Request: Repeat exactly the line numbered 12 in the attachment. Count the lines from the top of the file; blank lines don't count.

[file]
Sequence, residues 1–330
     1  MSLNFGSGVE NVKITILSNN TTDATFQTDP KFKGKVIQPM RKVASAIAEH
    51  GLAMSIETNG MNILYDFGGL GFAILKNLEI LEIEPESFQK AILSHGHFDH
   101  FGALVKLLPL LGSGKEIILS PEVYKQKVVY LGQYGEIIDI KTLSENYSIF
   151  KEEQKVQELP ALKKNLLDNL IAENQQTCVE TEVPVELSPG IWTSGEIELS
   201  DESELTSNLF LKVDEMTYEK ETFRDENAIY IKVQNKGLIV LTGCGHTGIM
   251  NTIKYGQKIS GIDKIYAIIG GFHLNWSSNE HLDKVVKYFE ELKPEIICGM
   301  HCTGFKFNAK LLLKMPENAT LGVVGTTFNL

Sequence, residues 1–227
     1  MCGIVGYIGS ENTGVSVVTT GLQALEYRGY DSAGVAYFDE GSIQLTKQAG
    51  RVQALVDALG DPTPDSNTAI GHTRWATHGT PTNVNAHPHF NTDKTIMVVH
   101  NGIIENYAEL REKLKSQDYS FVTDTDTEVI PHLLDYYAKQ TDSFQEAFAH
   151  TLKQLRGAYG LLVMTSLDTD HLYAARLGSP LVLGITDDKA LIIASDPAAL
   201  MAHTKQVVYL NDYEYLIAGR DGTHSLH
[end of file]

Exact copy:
   101  NGIIENYAEL REKLKSQDYS FVTDTDTEVI PHLLDYYAKQ TDSFQEAFAH